Date of Degree


Document Type


Degree Name



Liberal Studies


Katherine Manthorne

Subject Categories

Feminist Philosophy | Indigenous Studies | Latin American Languages and Societies | Latin American Literature | Latina/o Studies | Performance Studies | Photography | Race, Ethnicity and Post-Colonial Studies | Social and Cultural Anthropology


Mexican Photography, Archives, Gender, Performance, Graciela Iturbide, Magic Realism


Throughout archives of photographic collections, as one discovers the focused, artistic selective process of images that become part of a photographer’s collection, one must venture further and ask: will these choices be decisively remembered by an individual or collective audience or actively be dismissed, misunderstood, and denied presence? For my master’s thesis, I will be analyzing Mexican photographer Graciela Iturbide’s photobook, Juchitán de las Mujeres, a photo-collection of the women-empowered indigenous society in Oaxaca, Mexico which erupted during Latin American photography’s prime in the 20th century, turning away from a deeply exoticized past and towards a celebration of Hispanism as part of the Latin American photographic archives. Throughout the Anglo-American spheres of scholarship, collections much like Iturbide’s are easily displaced and silenced, covered over with voices that disrupt sacred histories with exoticized narratives. Juchitán de las Mujeres contests that silence through its intimate collection of photographs in an attempt to capture the essence of human solitude under the surface of the ethnographic. Despite attempts of providing a direct perspective into Juchitán society, critiques of Iturbide’s work question whether the collection truly challenges previous colonial documentations or, instead, perpetuates the cycle of “Other”-ing and exoticizing cultures limited within the trope of “magic realism,” an artistic realm restricted to pure fantasy that is often applied to Latin American literature and art.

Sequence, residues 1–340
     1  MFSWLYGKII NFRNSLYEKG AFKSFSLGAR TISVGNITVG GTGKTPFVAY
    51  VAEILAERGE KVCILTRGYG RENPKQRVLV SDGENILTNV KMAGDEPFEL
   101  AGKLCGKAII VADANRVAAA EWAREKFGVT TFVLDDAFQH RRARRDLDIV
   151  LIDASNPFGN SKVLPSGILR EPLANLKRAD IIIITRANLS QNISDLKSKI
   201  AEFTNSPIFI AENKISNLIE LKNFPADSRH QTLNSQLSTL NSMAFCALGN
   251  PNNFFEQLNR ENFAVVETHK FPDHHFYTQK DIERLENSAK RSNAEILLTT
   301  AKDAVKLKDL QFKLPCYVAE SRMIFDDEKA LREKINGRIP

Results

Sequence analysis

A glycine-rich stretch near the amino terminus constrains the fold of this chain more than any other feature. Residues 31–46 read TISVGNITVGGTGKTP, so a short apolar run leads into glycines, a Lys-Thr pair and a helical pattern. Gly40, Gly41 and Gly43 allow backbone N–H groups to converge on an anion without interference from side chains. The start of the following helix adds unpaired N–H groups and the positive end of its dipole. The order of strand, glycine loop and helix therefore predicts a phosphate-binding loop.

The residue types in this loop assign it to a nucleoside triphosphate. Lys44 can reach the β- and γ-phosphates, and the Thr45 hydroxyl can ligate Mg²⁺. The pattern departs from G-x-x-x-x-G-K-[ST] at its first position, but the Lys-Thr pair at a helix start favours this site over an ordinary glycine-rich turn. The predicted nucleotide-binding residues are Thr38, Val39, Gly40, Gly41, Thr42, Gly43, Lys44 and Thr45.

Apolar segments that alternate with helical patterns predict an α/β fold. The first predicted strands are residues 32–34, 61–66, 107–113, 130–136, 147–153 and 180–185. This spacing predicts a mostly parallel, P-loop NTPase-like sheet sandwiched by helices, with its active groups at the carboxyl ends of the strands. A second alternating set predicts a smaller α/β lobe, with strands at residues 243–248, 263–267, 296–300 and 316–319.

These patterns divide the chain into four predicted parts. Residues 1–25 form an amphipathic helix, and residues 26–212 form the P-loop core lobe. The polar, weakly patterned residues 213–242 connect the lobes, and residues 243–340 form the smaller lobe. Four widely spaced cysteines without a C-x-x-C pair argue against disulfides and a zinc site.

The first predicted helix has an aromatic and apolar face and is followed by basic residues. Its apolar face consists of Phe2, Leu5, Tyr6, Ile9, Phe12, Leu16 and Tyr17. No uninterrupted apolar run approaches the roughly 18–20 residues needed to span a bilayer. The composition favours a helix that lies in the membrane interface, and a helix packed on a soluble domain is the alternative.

In this thesis, I define the archive as an artistic collection specifically shared with the public, a place of memory commemorating the work of an artist and their subjects. This will be used to describe Iturbide’s photographic collections that she has curated and presented to the public, specifically what she has created as a result of her experiences in Juchitán. My personal work and interaction within Latin American photographic archives have driven me to question the effect of the artistic choices made within Iturbide’s collection, a photographer who deliberately defies the gendered, magic realist order by reimagining it and creating new methods of seeing. The careful deliberation of images by the photographer and decisive action to share the collection publicly reveal the intended and unintended reactions to the archive overall. Ascribing meaning to the collection thus becomes strictly relative socially, culturally, and individually; it walks along the fine line between the artist’s intention and the public audience’s reaction. This begs the archival investigator to ask: whose accounts and narratives of a society are verifiable, worthy, and acceptable to be part of a national and continental growing photographic archive? Who has the final selective power in the archive, for what purpose and why? This thesis addresses Iturbide’s artistic efforts and distinct photographic vision to create new witnesses for the growing photographic archives of indigenous societies through the perspectives of the subjects themselves, new methods of seeing Mexico, of Latin America, of the world.